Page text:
[C++] [Java] Clean Code with Explanation [set] [map]


  • 11

    C++

    class Solution {
    public:
        /**
         * for every number in the array:
         *  - if there was a number previously k-diff with it, save the smaller to a set;
         *  - and save the value-index to a map;
         */
        int findPairs(vector<int>& nums, int k) {
            if (k < 0) {
                return 0;
            }
            unordered_set<int> starters;
            unordered_map<int, int> indices;
            for (int i = 0; i < nums.size(); i++) {
                if (indices.count(nums[i] - k)) {
                    starters.insert(nums[i] - k);
                }
                if (indices.count(nums[i] + k)) {
                    starters.insert(nums[i]);
                }
    
                indices[nums[i]] += 1;
            }
            
            return starters.size();
        }
    };
    

    Java

    public class Solution {
        public int findPairs(int[] nums, int k) {
            if (k < 0) { return 0; }
    
            Set<Integer> starters = new HashSet<Integer>();
            Set<Integer> uniqs = new HashSet<Integer>();
            for (int i = 0; i < nums.length; i++) {
                if (uniqs.contains(nums[i] - k)) starters.add(nums[i] - k);
                if (uniqs.contains(nums[i] + k)) starters.add(nums[i]);
                uniqs.add(nums[i]);
            }
    
            return starters.size();
        }
    }
    

  • 1
    H

    Not sure why you want to save the index


  • 1
    N

    Thanks for sharing your idea, I like this one.

    Some comments: k is absolute difference, which means k >= 0. We want to find pair (a,b), which satisfies a-b=diff. This implies a>=b, and a=k+b, b=a-k. The unordered_map indices is act as the Hash Table in the Two Sum problem, and unordered_set starters is used to store the smaller number of the pair, which is the a in above illustration.

    But I think we don't need to store the index of the number, we can just use 2 sets to do this. Here is my Python version,

    class Solution(object):
        def findPairs(self, nums, k):
            """
            :type nums: List[int]
            :type k: int
            :rtype: int
            """
            if not nums or k < 0:
                return 0
            already_seen = set()
            smaller_num_set = set()
            for num in nums:
                if num-k in already_seen:
                    smaller_num_set.add(num - k)
                if num+k in already_seen:
                    smaller_num_set.add(num)
                already_seen.add(num)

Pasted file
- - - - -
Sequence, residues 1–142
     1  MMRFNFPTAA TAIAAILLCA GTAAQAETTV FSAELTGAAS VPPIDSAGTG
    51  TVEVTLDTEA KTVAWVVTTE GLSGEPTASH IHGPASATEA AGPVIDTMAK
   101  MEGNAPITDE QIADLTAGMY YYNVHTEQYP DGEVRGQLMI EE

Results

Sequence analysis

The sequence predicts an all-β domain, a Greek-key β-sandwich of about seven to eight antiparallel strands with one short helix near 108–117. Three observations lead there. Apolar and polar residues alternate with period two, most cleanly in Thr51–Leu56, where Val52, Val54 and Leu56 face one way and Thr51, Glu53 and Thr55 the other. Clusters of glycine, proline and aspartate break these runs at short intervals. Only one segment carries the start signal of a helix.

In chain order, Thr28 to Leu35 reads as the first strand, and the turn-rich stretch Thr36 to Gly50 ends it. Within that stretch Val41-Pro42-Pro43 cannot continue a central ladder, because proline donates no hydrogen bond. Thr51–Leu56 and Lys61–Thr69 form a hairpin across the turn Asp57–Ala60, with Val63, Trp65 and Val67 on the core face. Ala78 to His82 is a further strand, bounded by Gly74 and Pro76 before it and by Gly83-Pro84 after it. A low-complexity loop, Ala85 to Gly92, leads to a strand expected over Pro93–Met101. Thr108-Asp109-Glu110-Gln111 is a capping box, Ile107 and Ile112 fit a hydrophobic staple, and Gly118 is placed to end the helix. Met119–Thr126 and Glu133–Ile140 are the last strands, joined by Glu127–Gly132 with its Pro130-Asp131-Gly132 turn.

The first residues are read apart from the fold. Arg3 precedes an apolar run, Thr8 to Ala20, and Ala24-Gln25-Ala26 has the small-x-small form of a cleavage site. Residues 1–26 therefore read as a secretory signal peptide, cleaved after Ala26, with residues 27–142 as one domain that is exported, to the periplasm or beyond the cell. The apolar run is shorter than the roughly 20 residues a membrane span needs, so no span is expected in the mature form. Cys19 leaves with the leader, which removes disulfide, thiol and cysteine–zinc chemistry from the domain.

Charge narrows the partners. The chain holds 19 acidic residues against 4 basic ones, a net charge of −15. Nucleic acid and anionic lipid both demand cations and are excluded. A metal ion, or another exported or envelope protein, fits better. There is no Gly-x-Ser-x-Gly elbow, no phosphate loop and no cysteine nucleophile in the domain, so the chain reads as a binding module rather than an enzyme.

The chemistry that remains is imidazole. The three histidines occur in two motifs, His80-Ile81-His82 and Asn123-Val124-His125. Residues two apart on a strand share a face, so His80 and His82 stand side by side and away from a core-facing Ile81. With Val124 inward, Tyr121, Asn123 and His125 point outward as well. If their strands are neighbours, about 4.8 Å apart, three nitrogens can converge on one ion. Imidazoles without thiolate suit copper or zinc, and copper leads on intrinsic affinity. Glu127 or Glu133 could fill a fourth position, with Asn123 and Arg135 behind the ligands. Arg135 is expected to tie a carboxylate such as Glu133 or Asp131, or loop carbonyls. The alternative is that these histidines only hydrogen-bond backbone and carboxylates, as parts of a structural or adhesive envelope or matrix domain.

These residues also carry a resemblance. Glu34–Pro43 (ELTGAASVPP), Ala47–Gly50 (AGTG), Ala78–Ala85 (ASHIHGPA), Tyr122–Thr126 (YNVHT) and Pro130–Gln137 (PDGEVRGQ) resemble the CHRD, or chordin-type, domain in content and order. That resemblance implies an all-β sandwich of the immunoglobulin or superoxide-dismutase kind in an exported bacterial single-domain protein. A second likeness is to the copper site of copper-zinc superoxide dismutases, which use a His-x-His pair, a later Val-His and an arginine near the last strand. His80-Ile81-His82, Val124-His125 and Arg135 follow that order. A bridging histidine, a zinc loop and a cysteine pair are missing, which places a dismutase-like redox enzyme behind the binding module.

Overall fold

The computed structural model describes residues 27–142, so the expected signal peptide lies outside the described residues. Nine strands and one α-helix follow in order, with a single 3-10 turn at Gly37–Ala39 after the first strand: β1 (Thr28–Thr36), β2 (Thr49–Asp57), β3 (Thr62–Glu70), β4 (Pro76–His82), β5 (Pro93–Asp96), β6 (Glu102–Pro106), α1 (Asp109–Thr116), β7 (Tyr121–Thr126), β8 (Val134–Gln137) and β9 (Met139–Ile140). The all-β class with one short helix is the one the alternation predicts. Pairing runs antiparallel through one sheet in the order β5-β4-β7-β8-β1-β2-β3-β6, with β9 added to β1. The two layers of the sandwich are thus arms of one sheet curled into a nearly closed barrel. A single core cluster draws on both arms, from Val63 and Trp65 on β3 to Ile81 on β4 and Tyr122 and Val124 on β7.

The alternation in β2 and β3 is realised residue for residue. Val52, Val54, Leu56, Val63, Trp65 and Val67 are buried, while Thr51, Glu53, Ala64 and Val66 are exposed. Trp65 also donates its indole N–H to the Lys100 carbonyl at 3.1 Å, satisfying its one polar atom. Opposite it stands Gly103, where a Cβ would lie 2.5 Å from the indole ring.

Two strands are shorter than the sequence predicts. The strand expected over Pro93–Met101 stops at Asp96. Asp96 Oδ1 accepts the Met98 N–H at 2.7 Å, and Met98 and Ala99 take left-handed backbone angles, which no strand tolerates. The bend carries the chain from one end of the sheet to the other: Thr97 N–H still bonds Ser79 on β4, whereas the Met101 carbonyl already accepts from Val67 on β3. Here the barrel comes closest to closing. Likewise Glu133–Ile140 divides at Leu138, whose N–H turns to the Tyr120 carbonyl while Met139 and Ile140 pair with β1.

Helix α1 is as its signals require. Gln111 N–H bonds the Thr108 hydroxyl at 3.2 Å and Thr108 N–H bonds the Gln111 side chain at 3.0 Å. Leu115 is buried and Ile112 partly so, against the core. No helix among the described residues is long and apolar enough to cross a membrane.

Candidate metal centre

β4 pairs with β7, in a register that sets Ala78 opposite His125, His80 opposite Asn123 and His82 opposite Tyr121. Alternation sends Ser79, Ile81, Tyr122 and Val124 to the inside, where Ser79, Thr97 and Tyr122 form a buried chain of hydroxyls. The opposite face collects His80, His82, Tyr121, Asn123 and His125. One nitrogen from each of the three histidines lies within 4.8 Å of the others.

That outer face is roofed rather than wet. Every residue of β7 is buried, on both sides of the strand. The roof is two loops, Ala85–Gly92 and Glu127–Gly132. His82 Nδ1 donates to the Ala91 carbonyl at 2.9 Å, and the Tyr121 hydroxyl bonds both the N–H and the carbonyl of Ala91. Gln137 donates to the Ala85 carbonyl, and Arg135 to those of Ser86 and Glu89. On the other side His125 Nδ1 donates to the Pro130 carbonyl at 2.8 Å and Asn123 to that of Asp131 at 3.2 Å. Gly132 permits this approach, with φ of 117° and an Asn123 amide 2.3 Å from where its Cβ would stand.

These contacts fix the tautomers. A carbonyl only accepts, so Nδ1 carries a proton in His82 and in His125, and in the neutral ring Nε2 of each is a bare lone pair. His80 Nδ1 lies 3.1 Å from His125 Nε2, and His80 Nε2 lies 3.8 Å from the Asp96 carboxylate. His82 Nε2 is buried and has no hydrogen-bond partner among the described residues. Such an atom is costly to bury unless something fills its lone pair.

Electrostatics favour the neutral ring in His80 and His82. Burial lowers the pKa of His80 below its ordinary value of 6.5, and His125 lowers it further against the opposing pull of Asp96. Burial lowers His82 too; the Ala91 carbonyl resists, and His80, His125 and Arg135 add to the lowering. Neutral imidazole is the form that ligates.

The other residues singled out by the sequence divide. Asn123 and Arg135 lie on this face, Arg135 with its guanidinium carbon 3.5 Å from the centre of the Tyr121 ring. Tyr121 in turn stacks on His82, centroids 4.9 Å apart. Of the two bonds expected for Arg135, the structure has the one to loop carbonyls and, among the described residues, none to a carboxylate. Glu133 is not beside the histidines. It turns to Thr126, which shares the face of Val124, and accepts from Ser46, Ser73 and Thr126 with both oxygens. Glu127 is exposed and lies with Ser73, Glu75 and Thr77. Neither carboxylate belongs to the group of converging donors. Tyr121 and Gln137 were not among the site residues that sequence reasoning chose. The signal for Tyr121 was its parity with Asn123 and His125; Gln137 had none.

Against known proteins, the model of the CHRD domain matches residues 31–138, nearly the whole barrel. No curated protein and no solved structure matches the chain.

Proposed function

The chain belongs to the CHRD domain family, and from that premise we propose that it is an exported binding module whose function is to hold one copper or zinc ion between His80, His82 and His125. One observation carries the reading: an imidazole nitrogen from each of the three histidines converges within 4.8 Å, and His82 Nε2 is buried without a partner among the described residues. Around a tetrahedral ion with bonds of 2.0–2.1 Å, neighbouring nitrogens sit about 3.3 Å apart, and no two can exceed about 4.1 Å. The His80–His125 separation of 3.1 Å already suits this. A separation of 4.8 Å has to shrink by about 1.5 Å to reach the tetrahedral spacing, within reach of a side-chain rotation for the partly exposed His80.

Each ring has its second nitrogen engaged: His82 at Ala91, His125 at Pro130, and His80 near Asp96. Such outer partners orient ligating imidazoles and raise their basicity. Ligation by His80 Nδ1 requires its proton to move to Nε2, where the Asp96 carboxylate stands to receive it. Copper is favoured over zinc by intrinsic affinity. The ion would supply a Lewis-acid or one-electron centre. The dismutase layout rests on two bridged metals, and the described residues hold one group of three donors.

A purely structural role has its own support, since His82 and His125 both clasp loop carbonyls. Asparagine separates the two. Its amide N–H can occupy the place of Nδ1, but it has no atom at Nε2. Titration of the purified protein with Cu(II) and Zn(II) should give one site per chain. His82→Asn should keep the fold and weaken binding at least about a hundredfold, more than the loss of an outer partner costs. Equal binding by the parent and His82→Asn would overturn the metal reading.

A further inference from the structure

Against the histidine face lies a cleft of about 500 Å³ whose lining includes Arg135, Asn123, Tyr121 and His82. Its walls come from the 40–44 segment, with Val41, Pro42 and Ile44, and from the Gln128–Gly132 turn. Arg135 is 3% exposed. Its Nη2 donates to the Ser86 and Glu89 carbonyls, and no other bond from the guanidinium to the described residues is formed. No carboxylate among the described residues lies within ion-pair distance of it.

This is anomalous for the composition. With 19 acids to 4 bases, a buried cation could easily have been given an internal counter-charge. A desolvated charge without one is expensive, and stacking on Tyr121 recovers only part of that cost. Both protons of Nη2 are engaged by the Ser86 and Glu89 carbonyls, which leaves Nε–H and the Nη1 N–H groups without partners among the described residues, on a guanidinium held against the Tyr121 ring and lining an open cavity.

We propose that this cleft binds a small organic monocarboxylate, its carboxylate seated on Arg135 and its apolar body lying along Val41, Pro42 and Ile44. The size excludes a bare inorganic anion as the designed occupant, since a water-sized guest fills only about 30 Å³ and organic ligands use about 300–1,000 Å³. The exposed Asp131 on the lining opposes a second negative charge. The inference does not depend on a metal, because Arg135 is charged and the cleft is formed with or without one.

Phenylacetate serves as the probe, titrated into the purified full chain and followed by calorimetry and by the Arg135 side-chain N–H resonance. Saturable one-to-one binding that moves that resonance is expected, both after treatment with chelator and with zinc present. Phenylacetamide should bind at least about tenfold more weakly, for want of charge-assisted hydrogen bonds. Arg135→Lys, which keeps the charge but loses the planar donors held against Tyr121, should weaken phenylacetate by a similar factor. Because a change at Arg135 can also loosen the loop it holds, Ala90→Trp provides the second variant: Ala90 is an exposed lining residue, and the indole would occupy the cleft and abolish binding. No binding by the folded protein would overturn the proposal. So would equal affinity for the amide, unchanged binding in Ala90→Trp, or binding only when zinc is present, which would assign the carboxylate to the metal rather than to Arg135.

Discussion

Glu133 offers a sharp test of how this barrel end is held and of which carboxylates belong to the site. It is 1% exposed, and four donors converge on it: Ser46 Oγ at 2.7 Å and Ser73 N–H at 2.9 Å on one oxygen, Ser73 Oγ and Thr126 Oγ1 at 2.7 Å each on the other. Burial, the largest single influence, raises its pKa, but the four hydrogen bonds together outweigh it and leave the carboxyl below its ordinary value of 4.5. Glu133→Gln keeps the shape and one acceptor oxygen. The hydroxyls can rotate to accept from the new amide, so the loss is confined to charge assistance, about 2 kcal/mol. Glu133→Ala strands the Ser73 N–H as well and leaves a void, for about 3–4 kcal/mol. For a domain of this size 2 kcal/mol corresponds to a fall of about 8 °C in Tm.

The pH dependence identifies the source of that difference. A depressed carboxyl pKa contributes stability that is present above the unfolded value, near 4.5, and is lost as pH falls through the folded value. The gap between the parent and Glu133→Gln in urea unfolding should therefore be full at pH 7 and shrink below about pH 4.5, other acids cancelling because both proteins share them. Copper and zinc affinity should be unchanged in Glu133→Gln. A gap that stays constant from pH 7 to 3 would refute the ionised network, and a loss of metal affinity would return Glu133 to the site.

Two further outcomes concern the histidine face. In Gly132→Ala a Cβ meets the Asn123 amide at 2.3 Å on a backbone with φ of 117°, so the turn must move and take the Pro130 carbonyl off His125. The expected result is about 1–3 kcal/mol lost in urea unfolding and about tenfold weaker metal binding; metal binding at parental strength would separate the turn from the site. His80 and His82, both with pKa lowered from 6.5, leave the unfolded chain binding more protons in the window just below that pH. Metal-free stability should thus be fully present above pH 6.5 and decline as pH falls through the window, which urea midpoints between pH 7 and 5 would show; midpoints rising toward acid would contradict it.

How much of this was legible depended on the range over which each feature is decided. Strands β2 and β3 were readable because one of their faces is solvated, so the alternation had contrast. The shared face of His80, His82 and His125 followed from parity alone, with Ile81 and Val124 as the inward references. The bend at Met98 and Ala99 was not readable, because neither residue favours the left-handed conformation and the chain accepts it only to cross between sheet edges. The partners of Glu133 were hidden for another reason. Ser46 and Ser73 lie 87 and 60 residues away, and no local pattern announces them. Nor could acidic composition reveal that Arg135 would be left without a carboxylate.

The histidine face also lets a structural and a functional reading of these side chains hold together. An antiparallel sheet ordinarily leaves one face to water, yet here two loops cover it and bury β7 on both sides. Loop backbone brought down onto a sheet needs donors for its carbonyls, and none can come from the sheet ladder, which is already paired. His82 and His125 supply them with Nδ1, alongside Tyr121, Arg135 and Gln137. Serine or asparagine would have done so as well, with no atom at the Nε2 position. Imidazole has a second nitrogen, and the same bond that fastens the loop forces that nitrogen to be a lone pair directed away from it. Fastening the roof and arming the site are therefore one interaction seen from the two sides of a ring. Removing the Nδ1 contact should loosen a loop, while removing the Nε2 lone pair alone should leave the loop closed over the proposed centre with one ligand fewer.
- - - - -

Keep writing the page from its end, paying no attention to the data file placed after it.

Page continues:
return len(smaller_num_set)
    

  • 0

    @NoAnyLove You are right. The latest index wasn't necessary here. I was about to save the number of indices, so that we can handle unique pairs, then I realize that the problem doesn't care the uniques, so I left the map there and saved the latest instead. I have updated the C++ solution to save number of indices, and Java solution to save only value. Thanks!


  • 0
    G

    Thanks for your concise code. Here's my java solution, but it is really slow, O(n*n) complexity :--(

    	public static int findPairs(int []nums, int k){
    		
    		int count=0;
    		Arrays.sort(nums);//sort at first
    		for(int i=0;i<nums.length-1;i++){
    			if(i>0 && nums[i]==nums[i-1]){// first loop, skip the same elements
    				continue;
    			}
    			for(int j=i+1;j<nums.length;j++){
                                    //second loop, skip the same elements
    				if(j>i+1 && nums[j]==nums[j-1]){
    					continue;
    				}
    				//if the firts and second elements' diff is k, we count
    				if(nums[j]-nums[i]==k){
    					count++;
    				}
    			}
    		}
    		return count;
    	}

  • 0
    S

    it's no need to deal with k==0, really great solution :)


  • 0
    B

    @NoAnyLove
    IMHO, since k is absolute difference, we only need to check one direction: either num-k or num+k, like if you just go forward or go backward, you won't pass a place twice.
    here's mine, little verbose though:
    if(nums==null||nums.length==0||k<0)
    return 0;
    int count=0;
    Map<Integer,Integer> map = new HashMap<>();
    for(int i=0;i<nums.length;i++){
    map.put(nums[i],map.getOrDefault(nums[i],0)+1);
    }
    if(k==0){
    for(Integer val:map.values()){
    if(val>1)
    count++;
    }
    } else{
    for(Integer key:map.keySet()){
    if(map.containsKey(key+k))
    count++;
    }
    }
    return count;


  • 0
    N

    Hi @biyand , I'm afraid that's not true.

    You should notice that if we only check one direction, we need to first go through nums and put each element into a Map. As a result, we actually need to traverse the array twice. While @alexander 's solution only need to traverse nums once, if it checks on both direction. Although it conducts twice lookup for each element, it is still a little bit faster than traversing twice.


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